We used transgenesis, long-read genomic sequencing, and RNA-sequencing (RNA-seq) to study a locus of A. montbretiana that strongly delays flowering of A. alpina. We identify a gene related to the MADS AFFECTING FLOWERING (MAF) cluster of floral repressors that has transposed to a new location in the Arabis genus. This transposed MAF-RELATED gene is present in the annuals A. montbretiana and Arabis nova subsp. Iberica Mart. ex Talavera, but absent from perennial A. alpina. We analyze the function and evolution of this gene and discuss the broader diversification of MAF genes in the Brassicaceae and the relevance of the transposed copy to the divergence of life history.
Identification of A. montbretiana MAR Genes that Delay Flowering of A. alpina.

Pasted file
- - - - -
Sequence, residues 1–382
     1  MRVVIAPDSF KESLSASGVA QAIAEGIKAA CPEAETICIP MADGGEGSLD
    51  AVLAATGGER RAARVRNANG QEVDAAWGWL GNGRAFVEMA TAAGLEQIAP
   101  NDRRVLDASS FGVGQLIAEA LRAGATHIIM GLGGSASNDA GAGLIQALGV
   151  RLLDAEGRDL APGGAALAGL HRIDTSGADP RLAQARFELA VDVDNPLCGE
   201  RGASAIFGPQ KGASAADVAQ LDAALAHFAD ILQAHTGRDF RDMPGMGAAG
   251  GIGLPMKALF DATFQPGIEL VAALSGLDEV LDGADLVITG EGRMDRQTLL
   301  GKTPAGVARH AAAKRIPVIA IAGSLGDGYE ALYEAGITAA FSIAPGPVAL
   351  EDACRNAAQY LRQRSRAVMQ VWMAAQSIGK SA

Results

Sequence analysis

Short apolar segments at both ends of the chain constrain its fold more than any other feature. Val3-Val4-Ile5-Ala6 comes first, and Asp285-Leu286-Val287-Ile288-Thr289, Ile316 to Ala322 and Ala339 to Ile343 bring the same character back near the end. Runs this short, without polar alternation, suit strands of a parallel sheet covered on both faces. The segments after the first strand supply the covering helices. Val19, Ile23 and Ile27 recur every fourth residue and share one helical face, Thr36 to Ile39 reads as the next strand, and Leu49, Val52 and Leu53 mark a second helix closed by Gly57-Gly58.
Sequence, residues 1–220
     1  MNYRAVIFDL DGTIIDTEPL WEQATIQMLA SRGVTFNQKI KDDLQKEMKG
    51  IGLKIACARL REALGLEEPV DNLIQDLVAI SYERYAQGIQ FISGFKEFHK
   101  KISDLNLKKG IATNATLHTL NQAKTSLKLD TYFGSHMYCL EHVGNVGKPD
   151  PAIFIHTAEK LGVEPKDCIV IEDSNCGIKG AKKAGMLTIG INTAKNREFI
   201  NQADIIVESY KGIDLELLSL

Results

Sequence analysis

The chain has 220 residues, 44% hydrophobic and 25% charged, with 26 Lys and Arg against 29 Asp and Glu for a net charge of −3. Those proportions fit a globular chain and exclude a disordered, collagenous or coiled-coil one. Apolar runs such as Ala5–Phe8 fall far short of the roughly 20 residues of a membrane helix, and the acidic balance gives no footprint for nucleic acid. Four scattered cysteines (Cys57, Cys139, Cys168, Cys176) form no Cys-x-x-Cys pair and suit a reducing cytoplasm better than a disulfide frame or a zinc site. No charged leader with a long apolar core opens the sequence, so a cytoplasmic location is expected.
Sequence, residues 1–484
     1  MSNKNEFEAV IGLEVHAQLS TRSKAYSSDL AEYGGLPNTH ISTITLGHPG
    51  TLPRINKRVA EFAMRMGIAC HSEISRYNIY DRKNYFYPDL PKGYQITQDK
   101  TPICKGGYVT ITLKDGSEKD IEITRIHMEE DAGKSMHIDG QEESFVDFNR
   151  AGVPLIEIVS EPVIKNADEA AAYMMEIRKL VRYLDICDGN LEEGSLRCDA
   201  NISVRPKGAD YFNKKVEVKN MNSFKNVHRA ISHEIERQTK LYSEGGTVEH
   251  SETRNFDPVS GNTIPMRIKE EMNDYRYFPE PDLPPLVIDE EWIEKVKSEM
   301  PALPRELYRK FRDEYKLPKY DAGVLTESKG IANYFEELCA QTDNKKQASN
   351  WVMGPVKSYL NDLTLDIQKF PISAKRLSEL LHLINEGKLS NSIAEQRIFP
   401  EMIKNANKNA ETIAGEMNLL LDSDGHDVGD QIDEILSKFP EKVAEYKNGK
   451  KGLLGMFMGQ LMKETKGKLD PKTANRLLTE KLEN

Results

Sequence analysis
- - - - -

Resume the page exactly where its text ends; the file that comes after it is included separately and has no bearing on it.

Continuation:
The interspecific introgression library obtained by crossing annual A. montbretiana and perennial A. alpina was screened for plants showing altered reproductive traits. Several near-isogenic lines (NILs) containing segments of chromosome 2 of A. montbretiana in the A. alpina pep1-1 background flowered much later after germination than the A. alpina pep1-1 parent (Fig. 1A and Materials and Methods). Three lines carrying partially heterozygous introgressed segments of A. montbretiana chromosome 2 were selected (IL22, IL30, and IL41) for association studies (Fig. 1B). In addition, a line with a homozygous introgression (IL31) was used as a late-flowering control. Each line was self-fertilized and the progeny were scored for flowering time and genotyped using molecular markers designed on the basis of polymorphisms between A. alpina and A. montbretiana (Fig. 1C and Dataset S1). These data indicated that IL31 and IL22 were homozygous for the locus causing late flowering, whereas IL41 was heterozygous and IL30 did not contain the locus (Fig. 1C). Thus, the A. montbretiana locus that conferred late flowering was present within the heterozygous segment of introgressed DNA in IL41 that was absent in IL30 (Fig. 1B). Furthermore, the late-flowering phenotype segregated among the progeny of IL41 in a 1:2:1 ratio, demonstrating that it is caused by a single codominant locus (P < 0.01, df = 2, χ2 = 0.142, n.s. [non-significant]).